Technologies that impact cyber security, increase our ability to detect trace amounts of chemicals, convert sewage into fuel, view energy processes under real-world conditions and forecast future electric needs are among the newest R&D 100 award winners at Pacific Northwest National Laboratory.
While scientists often talk about their life's work, few lives have been fuller than that of Ames Laboratory's Karl A. Gschneidner, Jr. who's being honored for over six decades of research in the rare-earth metals.
Researchers at the Department of Energy's Oak Ridge National Laboratory have received six R&D 100 awards, increasing the lab's total to 193 since the award's inception in 1963.
The U.S. Department of Energy's Office of Science announced 56 projects aimed at accelerating discovery and innovation to address some of the world's most challenging scientific questions. The projects will share 5.8 billion core hours on America's two most powerful supercomputers dedicated to open science.
A new center for advancing computational science and networking at research institutions and universities across the country opened today at Berkeley Lab. Named Wang Hall, the facility will house the National Energy Research Scientific Computing Center (NERSC), one of the world's leading supercomputing centers for open science, and will be the center of operations for DOE's Energy Sciences Network (ESnet), the fastest network dedicated to science.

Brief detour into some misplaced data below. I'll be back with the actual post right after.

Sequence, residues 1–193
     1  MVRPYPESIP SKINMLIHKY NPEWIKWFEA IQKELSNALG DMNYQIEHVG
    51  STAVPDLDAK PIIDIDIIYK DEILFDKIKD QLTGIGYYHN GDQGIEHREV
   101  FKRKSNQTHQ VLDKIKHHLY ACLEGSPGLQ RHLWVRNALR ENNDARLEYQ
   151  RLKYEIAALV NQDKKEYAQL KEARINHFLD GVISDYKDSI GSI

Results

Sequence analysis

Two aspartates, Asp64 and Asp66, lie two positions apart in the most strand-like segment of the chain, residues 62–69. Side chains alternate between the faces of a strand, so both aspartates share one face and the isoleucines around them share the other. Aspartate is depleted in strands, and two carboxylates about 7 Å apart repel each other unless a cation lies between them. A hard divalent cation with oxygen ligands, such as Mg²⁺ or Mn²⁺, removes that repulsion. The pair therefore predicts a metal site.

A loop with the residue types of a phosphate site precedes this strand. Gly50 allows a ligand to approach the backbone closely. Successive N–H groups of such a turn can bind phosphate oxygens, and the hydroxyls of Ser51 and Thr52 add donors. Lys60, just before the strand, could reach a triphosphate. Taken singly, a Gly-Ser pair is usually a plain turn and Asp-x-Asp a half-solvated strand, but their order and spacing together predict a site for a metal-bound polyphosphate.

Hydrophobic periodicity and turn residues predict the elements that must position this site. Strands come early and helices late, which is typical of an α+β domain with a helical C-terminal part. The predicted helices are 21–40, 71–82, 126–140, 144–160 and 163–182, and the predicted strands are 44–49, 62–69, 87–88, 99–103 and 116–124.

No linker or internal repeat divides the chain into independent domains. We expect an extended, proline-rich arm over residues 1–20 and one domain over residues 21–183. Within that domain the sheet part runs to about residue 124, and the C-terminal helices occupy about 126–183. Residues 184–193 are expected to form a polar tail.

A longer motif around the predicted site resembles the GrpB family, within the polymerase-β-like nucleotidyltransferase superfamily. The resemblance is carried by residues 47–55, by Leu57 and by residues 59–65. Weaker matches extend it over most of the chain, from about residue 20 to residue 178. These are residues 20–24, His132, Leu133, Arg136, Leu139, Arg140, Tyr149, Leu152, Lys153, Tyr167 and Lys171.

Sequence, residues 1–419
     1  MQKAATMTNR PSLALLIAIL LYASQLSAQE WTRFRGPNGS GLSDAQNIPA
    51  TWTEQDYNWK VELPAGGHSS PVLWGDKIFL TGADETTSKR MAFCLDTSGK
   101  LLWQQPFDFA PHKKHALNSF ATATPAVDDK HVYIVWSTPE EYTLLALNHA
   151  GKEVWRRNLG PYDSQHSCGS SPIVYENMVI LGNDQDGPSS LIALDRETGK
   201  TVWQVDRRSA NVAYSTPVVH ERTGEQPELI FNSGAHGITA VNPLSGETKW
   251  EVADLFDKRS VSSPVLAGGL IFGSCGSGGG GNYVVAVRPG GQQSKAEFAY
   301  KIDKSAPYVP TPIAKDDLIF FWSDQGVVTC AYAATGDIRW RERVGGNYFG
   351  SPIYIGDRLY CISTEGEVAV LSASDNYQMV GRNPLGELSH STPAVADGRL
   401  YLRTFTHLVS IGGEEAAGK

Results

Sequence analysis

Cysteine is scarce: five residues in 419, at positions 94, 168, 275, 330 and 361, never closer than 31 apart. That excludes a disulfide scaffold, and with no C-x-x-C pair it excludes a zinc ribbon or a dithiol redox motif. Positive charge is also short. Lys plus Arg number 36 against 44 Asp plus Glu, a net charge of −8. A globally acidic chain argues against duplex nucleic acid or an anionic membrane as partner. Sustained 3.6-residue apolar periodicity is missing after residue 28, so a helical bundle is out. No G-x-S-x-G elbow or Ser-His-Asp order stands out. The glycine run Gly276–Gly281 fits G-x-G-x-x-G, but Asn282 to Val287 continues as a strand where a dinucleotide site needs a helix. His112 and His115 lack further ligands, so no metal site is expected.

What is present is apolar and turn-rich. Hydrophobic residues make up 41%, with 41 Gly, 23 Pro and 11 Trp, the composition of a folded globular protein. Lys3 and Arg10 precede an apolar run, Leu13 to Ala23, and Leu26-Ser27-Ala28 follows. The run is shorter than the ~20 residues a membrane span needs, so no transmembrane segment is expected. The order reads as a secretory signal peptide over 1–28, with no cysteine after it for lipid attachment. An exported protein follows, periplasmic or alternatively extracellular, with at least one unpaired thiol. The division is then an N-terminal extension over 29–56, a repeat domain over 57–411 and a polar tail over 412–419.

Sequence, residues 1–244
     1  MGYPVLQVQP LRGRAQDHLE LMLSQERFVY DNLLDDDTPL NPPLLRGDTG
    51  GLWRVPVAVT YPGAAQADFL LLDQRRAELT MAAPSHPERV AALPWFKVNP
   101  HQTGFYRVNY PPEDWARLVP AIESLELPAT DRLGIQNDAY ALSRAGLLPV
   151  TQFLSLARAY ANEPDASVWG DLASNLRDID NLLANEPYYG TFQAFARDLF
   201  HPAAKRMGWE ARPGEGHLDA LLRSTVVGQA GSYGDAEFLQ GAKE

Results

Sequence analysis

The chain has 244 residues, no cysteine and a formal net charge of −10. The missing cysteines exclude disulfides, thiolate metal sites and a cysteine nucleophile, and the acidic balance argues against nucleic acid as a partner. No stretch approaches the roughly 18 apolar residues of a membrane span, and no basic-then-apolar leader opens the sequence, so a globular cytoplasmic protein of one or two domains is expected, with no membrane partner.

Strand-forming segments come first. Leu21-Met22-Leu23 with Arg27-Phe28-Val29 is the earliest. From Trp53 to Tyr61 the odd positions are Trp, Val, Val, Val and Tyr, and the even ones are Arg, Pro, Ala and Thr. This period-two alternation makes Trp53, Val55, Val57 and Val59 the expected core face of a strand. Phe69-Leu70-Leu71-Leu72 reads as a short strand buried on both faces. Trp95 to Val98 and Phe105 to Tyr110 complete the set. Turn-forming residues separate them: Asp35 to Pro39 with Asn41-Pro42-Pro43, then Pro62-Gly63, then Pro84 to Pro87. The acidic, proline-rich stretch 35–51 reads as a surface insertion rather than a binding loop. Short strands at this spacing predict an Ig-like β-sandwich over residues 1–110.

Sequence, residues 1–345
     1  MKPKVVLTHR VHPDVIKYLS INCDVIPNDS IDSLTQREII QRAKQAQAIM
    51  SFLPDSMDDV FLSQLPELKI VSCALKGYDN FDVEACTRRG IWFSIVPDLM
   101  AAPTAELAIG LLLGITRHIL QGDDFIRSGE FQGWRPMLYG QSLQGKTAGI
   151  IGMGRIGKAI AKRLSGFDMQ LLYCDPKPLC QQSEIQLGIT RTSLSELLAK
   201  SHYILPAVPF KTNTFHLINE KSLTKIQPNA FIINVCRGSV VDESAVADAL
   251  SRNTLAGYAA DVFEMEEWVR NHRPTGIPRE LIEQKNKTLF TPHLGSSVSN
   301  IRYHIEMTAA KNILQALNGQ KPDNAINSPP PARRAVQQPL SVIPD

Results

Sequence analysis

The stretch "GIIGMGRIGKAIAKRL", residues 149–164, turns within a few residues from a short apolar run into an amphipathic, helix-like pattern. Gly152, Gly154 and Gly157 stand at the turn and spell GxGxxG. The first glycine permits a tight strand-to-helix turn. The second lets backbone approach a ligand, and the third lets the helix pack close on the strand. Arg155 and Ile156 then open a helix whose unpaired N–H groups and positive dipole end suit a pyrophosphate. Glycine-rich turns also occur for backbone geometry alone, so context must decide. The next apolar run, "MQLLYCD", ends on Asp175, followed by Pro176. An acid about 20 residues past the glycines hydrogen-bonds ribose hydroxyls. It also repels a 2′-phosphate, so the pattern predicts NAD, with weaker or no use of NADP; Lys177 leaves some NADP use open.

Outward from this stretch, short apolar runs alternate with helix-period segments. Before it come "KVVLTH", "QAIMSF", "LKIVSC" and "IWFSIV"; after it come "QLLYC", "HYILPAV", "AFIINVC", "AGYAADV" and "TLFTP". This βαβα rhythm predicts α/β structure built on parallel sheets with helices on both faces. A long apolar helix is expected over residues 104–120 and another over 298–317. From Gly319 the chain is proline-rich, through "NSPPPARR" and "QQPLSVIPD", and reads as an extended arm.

Susan Pepper, a professional with extensive experience in nuclear nonproliferation science, programs, and policies, has been named Chair of the Nonproliferation & National Security Department (NNS) at the U.S. Department of Energy's (DOE) Brookhaven National Laboratory, effective October 1, 2015.
Hot on the tail of this year's Nobel prize in physics, another prize came to the Sudbury Neutrino Observatory Collaboration -- the 2016 Breakthrough Prize in Fundamental Physics. The honor went to researchers -- six of whom are now at the Department of Energy's Pacific Northwest National Laboratory -- "for the fundamental discovery of neutrino oscillations, revealing a new frontier beyond, and possibly far beyond, the standard model of particle physics."
Adam Cohen becomes Deputy Under Secretary for Science and Energy in Washington